Tracking the Solicitation [...]

Written by Chris Hughes.

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go_green_smallToday is the 45th Anniversary of the first “Earth Day.” This is a day when significant attention is paid to ways to improve the global environment. In the fundraising world, one of the “greenest” practices is to enhance your online giving program. One way to do that is to consider using coupon codes.

Tracking the Solicitation Channel that Drives Online Gifts

Articles are published all the time talking about the rise of online giving. However, it is important to recognize that online giving is not a solicitation channel. Rather, it is a transaction channel. Knowing what solicitation channel resulted in the donor going online to make a gift will help you make better data-driven decisions in the future.

We all have undoubtedly seen, heard and possibly used a digital coupon, or what’s better known as a “coupon code” when making a purchase online. Traditional marketers are increasingly using coupon codes to increased revenue as well as tracking.

Thus, how can the concept of a coupon code apply to fundraising?

Coupon Code Stats

Here are some interesting coupon code facts according to Forrester Research:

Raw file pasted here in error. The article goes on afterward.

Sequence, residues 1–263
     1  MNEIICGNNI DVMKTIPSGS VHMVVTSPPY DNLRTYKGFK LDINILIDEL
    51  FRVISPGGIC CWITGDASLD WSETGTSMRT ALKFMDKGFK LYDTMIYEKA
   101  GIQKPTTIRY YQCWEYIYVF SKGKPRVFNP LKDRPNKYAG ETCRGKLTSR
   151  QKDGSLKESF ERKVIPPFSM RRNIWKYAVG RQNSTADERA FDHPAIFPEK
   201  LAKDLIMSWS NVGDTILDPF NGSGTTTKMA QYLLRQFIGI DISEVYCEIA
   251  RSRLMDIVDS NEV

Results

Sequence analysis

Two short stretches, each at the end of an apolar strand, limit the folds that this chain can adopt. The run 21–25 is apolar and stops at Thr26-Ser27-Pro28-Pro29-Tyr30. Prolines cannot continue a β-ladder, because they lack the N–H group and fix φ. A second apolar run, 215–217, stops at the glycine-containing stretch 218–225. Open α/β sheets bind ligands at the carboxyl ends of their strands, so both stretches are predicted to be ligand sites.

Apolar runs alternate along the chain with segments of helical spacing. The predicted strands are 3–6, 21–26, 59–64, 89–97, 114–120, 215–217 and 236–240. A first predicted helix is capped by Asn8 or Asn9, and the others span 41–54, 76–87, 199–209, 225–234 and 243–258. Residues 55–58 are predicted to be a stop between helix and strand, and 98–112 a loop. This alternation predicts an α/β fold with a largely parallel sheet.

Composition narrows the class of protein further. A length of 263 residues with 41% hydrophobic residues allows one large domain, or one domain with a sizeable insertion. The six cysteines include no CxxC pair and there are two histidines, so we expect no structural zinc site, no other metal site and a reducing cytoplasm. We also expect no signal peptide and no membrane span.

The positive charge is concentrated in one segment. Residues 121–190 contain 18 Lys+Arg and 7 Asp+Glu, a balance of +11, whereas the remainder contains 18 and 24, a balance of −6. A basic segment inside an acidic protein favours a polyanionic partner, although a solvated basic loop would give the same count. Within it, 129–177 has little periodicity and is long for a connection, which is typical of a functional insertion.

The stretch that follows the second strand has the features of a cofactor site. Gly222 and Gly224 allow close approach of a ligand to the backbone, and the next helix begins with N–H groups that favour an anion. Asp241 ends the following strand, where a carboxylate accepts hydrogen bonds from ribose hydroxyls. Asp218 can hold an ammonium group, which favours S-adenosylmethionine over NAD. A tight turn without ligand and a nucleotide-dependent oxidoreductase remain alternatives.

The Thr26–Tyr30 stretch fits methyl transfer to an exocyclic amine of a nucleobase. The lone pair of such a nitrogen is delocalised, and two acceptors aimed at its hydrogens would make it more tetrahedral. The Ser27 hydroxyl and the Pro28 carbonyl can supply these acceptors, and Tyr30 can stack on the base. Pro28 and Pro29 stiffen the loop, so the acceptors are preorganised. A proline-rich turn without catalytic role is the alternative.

• 65% of consumers have used at least 3 digital coupons in the last 3 months
  • Only 1% of consumers reported never having used a digital coupon
  • 55% of consumers said they definitely spent more money on their total purchases when they were able to use a coupon code
  • 63% of consumers said that a promotion via a coupon code helped “close the sale” if they were wavering on a purchase

Those statistics reveal not only an extreme popularity of these codes, but also a significant impact on people completing (and upgrading) how much they spend.

Possible Fundraising Impact

When translating the traditional consumer coupon code approach to your annual giving plan, here are some potential benefits:

  • Better tracking of donors who respond to various channels by making their gift online. This includes phonathon, direct mail, social media, broadcast voice messaging, text messaging, and even email. Roughly 2/3 of Americans have made a transaction online in immediate response to a direct mailer.